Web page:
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Does Chocolate Deserve Superstar Status?

rsz_chocolateMy first book came out in 1998.  It was called “When In Doubt Eat Broccoli, but leave some room for chocolate!”  When I wrote this book I had no idea that chocolate was going to become the superfood it is today.  Does it deserve its superstar status?  It is really worthy of a place in our daily diet?  Here is what you need to know:

In the early 1990’s Harvard researchers began studying the Kuna Indians who live on small, remote islands just off the coast of Panama.  This population has among the lowest rates of heart disease and stroke in the world.  Cancer and type 2 diabetes are also uncommon.  Most striking is the fact that their blood pressure does not increase with age, as is seen in most parts of the world.   Those over the age of 60 have blood pressure that is as low as people in their 20’s or 30’s.  How is this possible?  The Kuna Indians drink about 4 to 5 cups of flavanol-rich cocoa each and every day.  Flavanols are the plant compounds in cocoa and dark chocolate linked to good health.  What happens when these people move to the mainland and stop drinking cocoa?  They see dramatic increases in their blood pressure and experience a much higher risk of disease – as much as 15 times higher.  Cocoa appears to be an all-star protector of health.

How does cocoa and dark chocolate keep us healthy?  Cocoa beans, from which cocoa and chocolate are made, are loaded (and I do mean loaded!!!) with these health-protective, plant compounds called flavanols.  Although these compounds are found in other foods like tea, red wine, apples and berries, they are found in the highest concentration, by far, in the cocoa bean.  The greatest claim to fame of these flavanols is their ability to stimulate the release of nitric oxide in your body.  Nitric oxide causes blood vessels to relax and widen and improves blood flow to your heart, brain, muscles and all your body parts.  These compounds also reduce inflammation, decrease the stickiness of your blood (they have an aspirin-like effect) and act as potent antioxidants.  They put cell-damaging free radicals out of business that can lead to diseases such as cancer or dementia.

Not all chocolate is created equal.  Researchers from the Hersey Center for Health and Nutrition looked at the flavanol content of different chocolate products.  On a gram weight basis, cocoa powder has the highest flavanol concentration followed by (from most to least) unsweetened baking chocolate, dark chocolate (including semi-sweet baking chips), milk chocolate and finally chocolate syrup.  White chocolate does not contain any flavanols.

What type of cocoa is best?  Avoid “Dutch-processed” cocoa which has been treated with an alkalizing agent such as baking soda (potassium carbonate or sodium carbonate will be listed on the ingredient label).  This is done to reduce the acidity and mellow the flavour of cocoa, but it results in a loss of 40% to as much as 90% of the flavanols present.  Hershey’s and Ghiradelli are just some of the companies that produce “natural” cocoa products.  They are your best choice.  When you bake with cocoa, be sure to add baking powder and not just baking soda, to help preserve the flavanols that are there. 

What kind of chocolate is best?  In most cases, the more cocoa a chocolate product contains, the higher its flavanol content.  It’s wise to choose dark chocolate over milk chocolate and to look for a bar that contains at least 60% to 70% cocoa.  Understand, however, that significant flavanol losses can take place during cocoa bean processing, especially in the roasting and fermentation stages of production.  Some companies, including Mars (CocoaVia) and Callebaut (Acticoa) process their cocoa and chocolate products in such a way as to minimize such losses.  In the future, we may see the flavanol content of all chocolate products listed on package labels.  I fully endorse this!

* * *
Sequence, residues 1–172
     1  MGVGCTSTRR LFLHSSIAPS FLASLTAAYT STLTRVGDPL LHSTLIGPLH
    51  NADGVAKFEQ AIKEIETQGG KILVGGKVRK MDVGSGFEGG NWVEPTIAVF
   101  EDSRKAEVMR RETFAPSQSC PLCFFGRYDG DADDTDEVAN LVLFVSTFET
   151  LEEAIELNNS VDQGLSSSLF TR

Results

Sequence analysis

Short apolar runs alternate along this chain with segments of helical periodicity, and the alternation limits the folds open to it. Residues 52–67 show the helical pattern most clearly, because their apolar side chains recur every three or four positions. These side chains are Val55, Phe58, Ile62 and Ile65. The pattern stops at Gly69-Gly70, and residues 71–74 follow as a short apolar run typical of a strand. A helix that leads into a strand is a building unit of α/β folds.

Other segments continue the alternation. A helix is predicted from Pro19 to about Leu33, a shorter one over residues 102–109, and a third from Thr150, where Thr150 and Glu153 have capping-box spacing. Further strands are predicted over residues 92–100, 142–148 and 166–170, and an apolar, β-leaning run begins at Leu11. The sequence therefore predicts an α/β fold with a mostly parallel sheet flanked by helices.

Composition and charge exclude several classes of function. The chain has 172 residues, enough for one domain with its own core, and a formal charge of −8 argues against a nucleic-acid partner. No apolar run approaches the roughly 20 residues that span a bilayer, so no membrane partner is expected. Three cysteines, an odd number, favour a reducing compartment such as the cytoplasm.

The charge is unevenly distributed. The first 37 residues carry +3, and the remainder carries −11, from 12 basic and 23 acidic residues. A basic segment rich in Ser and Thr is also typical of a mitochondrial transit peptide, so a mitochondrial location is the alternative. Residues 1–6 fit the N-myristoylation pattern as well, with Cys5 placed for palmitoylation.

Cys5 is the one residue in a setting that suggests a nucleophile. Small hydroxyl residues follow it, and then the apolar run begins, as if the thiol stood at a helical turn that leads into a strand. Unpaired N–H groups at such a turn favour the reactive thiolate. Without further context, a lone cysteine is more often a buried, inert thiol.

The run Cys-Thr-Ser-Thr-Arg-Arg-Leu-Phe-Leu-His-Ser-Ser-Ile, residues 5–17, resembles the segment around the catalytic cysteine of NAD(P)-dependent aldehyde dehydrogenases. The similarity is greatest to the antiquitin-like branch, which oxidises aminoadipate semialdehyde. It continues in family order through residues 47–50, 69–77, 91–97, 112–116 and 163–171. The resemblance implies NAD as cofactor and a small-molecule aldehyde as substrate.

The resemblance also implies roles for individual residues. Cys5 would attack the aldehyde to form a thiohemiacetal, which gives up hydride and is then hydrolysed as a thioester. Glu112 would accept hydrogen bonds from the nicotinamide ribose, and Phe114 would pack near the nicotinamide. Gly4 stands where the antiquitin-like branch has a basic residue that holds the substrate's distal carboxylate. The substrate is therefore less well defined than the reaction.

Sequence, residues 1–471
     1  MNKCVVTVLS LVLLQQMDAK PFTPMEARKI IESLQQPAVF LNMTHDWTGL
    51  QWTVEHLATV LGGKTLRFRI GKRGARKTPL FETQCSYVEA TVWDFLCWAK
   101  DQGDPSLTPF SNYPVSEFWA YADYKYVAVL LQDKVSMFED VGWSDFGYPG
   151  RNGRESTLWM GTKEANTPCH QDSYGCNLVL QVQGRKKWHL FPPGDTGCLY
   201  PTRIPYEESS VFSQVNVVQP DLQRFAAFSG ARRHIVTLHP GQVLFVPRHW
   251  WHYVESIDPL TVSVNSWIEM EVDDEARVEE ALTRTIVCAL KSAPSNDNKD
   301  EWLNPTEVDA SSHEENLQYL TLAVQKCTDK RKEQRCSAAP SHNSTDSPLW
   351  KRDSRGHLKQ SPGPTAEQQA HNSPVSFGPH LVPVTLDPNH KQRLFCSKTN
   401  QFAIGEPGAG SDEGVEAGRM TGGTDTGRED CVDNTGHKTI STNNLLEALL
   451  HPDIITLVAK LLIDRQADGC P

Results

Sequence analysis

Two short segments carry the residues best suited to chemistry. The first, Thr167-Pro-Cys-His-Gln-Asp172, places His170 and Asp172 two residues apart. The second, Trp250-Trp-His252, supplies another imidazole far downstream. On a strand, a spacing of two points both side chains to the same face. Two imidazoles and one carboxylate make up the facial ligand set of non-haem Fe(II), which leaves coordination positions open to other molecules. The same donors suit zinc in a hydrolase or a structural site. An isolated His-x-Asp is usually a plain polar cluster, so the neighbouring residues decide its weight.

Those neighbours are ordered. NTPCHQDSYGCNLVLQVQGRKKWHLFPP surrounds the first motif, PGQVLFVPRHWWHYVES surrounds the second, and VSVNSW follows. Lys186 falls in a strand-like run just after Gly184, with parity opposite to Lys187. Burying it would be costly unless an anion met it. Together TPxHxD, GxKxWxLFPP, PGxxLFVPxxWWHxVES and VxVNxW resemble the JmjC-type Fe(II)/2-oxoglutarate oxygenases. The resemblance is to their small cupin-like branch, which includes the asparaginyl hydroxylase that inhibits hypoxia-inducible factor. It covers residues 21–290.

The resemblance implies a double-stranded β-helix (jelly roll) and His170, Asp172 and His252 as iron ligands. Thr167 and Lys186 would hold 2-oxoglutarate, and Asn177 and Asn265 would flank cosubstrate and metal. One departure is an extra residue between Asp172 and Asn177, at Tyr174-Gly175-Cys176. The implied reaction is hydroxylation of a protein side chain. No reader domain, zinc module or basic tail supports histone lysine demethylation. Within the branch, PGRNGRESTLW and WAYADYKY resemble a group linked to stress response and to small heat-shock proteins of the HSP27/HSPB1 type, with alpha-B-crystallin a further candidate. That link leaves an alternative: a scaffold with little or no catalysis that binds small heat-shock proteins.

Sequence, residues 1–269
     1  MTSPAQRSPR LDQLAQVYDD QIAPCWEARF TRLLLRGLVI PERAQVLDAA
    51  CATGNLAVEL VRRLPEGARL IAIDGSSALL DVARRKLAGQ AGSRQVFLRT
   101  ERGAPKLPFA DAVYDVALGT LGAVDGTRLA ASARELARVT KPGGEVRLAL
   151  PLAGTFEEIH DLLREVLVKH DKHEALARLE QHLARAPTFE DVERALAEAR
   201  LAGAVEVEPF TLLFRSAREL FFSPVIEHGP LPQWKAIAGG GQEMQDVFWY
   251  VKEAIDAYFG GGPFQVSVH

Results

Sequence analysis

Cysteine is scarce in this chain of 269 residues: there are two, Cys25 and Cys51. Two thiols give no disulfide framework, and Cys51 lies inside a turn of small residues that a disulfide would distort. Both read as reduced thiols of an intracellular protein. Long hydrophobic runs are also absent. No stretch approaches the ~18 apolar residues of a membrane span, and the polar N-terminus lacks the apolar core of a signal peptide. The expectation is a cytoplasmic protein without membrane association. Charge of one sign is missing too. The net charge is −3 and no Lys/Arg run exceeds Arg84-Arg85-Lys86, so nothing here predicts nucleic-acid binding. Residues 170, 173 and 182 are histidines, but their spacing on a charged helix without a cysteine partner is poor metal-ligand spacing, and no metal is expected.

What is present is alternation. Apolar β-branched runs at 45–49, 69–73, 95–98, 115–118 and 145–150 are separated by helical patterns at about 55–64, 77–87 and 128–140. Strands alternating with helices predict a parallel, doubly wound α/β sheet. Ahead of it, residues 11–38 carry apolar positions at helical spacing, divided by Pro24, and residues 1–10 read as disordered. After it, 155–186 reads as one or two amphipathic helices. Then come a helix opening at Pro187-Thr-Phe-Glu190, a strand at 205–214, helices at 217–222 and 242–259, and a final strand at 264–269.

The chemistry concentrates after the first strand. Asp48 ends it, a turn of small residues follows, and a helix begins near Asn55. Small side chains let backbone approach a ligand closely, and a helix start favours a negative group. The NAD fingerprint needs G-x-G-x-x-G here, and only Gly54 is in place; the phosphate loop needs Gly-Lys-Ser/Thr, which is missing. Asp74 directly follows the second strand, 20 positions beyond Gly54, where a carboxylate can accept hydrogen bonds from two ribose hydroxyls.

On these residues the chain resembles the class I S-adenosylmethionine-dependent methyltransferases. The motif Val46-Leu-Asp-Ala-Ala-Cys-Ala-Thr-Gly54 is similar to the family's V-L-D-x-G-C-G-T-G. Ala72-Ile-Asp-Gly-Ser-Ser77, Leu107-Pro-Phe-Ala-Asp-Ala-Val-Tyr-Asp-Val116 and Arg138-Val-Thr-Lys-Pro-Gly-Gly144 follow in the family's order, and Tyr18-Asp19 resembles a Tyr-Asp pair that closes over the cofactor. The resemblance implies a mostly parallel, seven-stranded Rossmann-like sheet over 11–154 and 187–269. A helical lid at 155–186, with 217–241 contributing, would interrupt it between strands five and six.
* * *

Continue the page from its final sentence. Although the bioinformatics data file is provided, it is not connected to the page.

How much cocoa or chocolate should you consume?  Getting at least 200 mg of cocoa flavanols daily may help you maintain the elasticity of your blood vessels.  Higher intakes, closer to 500 mg daily, may provide even greater health protection.  One tablespoon of natural cocoa powder contains about 150 mg to 175 mg of flavanols.  Cocoa is also very low in fat and calories (just 10 calories per tablespoon!).  It is by far the healthiest way to get more flavanols into your diet.  You can stir cocoa into coffee (or lattes or cappuccino), milk, yogurt, oatmeal or shakes.  As for dark chocolate, the flavanol content varies considerably based on cocoa content and processing.  One ounce (28 g or about 4 squares) of most dark chocolate contains about 65 to 75 mg of flavanols.  Dark chocolate that has a high cocoa content and has been processed to preserve flavanols, however, may contain as much as 180 mg per ounce or more.  This same amount of chocolate, however, also comes with about 150 calories, 9 grams of fat and 3 teaspoons of sugar.  That’s why limiting chocolate to more than about one ounce daily makes sense for most people (unless you lead a very active lifestyle and can afford the extra calories).  Cocoa is the best way to up your intake of flavanols.

Lessons Learned:

Cocoa beans are loaded with plant compounds called flavanols that provide potent health protection, especially for your heart and blood vessels.  Enjoy dark chocolate (at least 60% to 70% cocoa) in small amounts.  The healthiest way to get more flavanols into your diet is with natural cocoa.

P.S.  If you haven’t tried it yet, be sure to try my cocoa drink.  It’s delicious!


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